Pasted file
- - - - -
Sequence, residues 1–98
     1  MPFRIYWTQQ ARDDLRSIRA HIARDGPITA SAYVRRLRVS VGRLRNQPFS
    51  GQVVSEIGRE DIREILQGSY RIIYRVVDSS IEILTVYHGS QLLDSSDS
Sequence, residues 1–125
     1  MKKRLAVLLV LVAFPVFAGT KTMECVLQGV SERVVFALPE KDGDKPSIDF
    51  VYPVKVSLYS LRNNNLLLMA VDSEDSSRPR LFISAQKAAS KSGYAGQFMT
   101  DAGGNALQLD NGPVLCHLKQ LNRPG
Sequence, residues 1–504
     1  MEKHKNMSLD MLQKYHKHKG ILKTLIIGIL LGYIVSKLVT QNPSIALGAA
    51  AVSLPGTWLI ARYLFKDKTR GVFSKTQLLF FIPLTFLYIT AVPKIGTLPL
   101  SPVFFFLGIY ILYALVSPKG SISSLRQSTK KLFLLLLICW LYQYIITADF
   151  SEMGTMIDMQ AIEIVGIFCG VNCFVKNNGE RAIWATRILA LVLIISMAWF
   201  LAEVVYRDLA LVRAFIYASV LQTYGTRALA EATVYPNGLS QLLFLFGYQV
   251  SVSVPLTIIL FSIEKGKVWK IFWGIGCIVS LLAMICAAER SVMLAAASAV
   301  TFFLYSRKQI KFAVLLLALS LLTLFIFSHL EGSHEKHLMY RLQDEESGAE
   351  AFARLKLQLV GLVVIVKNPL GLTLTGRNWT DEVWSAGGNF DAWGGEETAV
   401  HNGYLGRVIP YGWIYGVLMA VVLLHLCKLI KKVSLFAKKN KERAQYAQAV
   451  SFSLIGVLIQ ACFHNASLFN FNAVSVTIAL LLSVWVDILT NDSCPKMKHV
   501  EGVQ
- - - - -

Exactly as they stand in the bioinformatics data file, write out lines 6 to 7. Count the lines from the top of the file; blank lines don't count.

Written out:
    51  VYPVKVSLYS LRNNNLLLMA VDSEDSSRPR LFISAQKAAS KSGYAGQFMT
   101  DAGGNALQLD NGPVLCHLKQ LNRPG